Judge Suspends the Department of Labor's Overtime Rule


Judge Suspends the Department of Labor's Overtime Rule

November 23, 2016

On Tuesday evening a federal judge in the Eastern District of Texas blocked the Department of Labor's (DOL) Overtime Rule (29 CFR Part 541) from going into effect on December 1, 2016. The emergency motion by U.S. District Judge Amos L. Mazzant III was granted at the request of tribal governments, 21 states, the U.S. Chamber of Commerce, and other like-minded organizations.

The judge granted the injunction as it "preserves the status quo while the court determines the department's authority to make the final rule as well as the final rule's validity." In this injunction, the court ruled regulation exceeded the authority granted to the DOL by Congress.  Yesterday's decision was temporary. However, it does delay the implementation from taking place as planned next week. The DOL said it "strongly disagreed" with the decision and will very likely appeal the injunction.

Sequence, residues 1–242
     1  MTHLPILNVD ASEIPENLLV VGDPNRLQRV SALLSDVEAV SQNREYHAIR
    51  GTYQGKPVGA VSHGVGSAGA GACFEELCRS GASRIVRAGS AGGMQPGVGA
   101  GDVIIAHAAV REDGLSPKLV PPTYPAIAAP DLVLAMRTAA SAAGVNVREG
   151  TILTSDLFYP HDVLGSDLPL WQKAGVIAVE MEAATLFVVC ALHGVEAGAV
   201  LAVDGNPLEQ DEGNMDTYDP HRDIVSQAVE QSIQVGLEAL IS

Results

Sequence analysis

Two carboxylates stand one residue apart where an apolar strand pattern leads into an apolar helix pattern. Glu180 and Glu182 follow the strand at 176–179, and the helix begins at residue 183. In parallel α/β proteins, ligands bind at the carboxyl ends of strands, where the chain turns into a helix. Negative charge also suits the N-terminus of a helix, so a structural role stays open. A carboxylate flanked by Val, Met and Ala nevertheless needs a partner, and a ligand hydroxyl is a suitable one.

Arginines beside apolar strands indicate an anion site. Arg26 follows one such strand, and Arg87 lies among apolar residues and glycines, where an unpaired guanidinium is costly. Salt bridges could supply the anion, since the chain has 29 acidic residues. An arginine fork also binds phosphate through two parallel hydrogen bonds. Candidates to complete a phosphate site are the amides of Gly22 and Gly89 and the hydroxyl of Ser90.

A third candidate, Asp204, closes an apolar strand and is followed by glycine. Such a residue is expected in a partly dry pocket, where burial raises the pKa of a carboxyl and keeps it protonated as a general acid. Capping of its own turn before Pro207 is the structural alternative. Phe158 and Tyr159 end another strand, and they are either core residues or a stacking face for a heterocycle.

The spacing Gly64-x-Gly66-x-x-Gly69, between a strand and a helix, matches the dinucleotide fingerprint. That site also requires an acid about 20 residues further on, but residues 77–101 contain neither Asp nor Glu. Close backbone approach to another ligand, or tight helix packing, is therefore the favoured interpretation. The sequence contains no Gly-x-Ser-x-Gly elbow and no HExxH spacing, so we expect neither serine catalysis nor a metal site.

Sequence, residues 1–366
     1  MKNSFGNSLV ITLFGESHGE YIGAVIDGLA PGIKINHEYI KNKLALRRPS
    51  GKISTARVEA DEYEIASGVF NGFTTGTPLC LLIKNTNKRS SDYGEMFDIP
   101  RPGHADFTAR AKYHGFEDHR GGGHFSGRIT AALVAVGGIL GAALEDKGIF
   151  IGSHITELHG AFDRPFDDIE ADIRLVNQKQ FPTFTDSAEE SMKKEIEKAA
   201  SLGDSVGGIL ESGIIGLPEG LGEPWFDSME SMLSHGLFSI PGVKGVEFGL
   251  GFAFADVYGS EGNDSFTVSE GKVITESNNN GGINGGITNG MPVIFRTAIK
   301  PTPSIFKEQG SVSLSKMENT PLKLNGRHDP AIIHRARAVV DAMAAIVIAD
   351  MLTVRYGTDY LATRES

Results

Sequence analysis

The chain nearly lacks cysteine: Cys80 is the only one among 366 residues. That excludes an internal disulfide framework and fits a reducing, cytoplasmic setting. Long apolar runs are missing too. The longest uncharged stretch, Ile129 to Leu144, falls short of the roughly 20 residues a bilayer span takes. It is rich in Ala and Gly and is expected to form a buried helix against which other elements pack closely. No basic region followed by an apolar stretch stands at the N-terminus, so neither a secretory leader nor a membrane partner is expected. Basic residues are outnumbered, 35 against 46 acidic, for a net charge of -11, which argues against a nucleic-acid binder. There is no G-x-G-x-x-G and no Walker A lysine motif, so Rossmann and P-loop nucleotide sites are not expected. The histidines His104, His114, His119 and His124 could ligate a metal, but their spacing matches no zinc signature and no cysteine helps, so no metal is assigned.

In recent months to prepare for the rule, tribal employers have reshuffled their staff to accommodate the regulation and their budgets. Some tribal employers have raised employee salaries to the new threshold to avoid the overtime costs, while others converted salaried employees to hourly workers. In some cases employers selected to cut base pay to offset the overtime expense to accommodate inflexible grant budgets.

NAFOA will continue to monitor this issue closely. For questions or comments please contact Jennifer Parisien at Jennifer@nafoa.org  or (202) 558-8040. 

Summary of Overtime Rule:

  • Increases Standard Salary from $23,660 to $47,476 a year
  • Increases Highly Compensated Employee Salary from $100,000 to $134,004 a year
  • Automatically updates the threshold every three years, beginning January 1, 2020.